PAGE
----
By Senator John Thune
With one million bikers expected to take to the highways for the 75th annual Sturgis motorcycle rally, and as tourist season remains well underway, there is no better time to stress the need for safe, reliable roads and bridges in South Dakota and across America.
Our transportation infrastructure keeps our economy and our nation moving. That is why I am pleased the U.S. Senate recently passed a multi-year highway bill by a vote of 65-34 that would fund federal highway and infrastructure projects for three years. The Developing a Reliable and Innovative Vision for the Economy (DRIVE) Act provides certainty to states across the country, does not increase the gas tax, and would be the longest highway funding measure in over a decade.
For too long, transportation funding has been subjected to one short-term extension after another – 34 short-term extensions since 2009 – that leaves those responsible for our nation’s transportation system without the certainty and predictability they need to maintain and improve the safety of our roads, bridges, and highways.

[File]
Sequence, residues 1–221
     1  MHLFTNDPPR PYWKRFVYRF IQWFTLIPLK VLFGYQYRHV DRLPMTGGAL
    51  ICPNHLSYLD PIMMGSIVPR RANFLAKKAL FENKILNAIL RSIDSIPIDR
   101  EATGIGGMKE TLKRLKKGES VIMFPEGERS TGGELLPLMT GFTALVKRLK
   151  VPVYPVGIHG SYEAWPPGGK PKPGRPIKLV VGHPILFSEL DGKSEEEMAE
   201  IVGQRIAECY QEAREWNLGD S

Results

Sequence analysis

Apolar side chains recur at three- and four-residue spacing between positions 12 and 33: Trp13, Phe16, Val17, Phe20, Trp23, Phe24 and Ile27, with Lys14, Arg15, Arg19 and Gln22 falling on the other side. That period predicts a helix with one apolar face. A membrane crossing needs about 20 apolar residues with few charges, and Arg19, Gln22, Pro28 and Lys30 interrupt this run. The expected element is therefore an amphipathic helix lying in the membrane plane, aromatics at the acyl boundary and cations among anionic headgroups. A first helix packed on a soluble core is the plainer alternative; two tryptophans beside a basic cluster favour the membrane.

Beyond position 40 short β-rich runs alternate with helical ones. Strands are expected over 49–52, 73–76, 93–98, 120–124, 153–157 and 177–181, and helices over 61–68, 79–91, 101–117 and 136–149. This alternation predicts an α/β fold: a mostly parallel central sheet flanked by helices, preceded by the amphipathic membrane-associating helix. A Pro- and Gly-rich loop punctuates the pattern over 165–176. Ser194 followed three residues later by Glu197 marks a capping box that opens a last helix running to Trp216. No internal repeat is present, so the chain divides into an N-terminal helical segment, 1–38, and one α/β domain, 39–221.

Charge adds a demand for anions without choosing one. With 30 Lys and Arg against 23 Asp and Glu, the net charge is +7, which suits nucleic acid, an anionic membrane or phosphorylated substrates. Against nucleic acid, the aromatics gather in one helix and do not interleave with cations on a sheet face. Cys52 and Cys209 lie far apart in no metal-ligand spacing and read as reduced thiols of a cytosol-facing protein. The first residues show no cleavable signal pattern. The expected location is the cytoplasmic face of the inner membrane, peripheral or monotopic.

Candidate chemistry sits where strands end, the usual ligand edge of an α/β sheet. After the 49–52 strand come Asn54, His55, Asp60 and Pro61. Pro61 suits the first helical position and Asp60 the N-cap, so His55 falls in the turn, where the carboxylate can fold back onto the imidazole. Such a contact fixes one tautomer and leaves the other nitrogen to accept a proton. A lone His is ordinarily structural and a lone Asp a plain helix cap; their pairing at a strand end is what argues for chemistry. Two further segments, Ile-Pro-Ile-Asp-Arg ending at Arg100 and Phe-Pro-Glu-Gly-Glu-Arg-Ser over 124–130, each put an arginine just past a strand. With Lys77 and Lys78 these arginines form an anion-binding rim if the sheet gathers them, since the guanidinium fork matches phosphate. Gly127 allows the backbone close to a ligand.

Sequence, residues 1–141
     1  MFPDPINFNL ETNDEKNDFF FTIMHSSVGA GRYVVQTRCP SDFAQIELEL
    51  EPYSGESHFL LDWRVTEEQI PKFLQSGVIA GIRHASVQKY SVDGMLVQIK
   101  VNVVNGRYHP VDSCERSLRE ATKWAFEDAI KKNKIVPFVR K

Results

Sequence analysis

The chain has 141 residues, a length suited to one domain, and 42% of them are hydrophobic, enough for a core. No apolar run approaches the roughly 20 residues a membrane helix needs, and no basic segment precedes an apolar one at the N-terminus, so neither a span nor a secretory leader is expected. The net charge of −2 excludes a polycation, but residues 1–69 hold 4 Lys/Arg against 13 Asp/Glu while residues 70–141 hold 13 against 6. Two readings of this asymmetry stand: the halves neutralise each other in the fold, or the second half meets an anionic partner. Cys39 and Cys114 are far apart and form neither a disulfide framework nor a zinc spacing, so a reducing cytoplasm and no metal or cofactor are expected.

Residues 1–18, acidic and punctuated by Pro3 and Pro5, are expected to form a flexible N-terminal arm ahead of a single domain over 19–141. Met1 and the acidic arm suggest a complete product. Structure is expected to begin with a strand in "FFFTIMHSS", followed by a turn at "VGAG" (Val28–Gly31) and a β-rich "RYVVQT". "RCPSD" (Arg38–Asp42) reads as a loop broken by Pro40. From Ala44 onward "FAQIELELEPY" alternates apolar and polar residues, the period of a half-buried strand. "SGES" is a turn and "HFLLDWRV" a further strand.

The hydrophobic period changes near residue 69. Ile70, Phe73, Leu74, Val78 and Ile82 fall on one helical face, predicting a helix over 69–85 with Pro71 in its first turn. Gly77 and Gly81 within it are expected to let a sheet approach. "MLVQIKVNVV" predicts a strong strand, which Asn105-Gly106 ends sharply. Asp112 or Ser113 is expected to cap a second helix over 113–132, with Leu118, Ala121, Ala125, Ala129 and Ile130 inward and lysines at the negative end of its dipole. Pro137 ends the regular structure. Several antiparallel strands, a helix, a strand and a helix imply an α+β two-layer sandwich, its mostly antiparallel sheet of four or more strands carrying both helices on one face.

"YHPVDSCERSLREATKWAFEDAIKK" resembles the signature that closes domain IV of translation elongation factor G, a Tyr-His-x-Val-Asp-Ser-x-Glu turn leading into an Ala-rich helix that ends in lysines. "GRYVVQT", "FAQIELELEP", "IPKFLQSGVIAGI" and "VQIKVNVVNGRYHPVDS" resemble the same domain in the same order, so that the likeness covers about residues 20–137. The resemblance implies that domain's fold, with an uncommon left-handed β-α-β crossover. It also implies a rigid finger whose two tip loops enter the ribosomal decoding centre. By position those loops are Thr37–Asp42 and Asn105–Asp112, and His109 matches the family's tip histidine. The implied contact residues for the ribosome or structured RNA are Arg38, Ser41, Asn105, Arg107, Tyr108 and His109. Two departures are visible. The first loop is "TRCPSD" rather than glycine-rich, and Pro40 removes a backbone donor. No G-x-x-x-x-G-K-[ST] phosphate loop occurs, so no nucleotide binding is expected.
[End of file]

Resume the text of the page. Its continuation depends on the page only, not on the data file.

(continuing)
If Congress fails to provide state and local governments with this necessary certainty, they are hamstrung when it comes to authorizing certain projects or making long-term plans for transportation infrastructure. Such a scenario could mean that essential construction projects get deferred, necessary repairs might not get made, and jobs that depend on transportation are put in jeopardy.
The DRIVE Act answers the call for the type of long-term certainty state and local governments need. This legislation signals an important commitment to safe, quality highways and bridges in South Dakota that will help support our economy and ensure important industries such as tourism, agriculture, and manufacturing continue to thrive.
South Dakota agriculture producers and businesses rely on our interstate highway system to distribute their goods to stores across the United States and around the world. All of us depend on our nation’s roads and bridges to get from place to place every day – especially in a state like South Dakota where the distance between towns is often measured in hours.
This multi-year highway bill is another major legislative achievement for the Republican-led Senate and the result of months of hard work by multiple Senate committees, including the Committee on Commerce, Science, and Transportation, which I chair. Republicans and Democrats alike had their voices heard during this process, and the final product is stronger because of it. It is critical the House and Senate finish a long-term highway bill in the coming months.
As this year’s rally approaches, I hope your travels throughout the state are safe. Motorcycles will be everywhere over the next few weeks, so remember to look twice and save a life.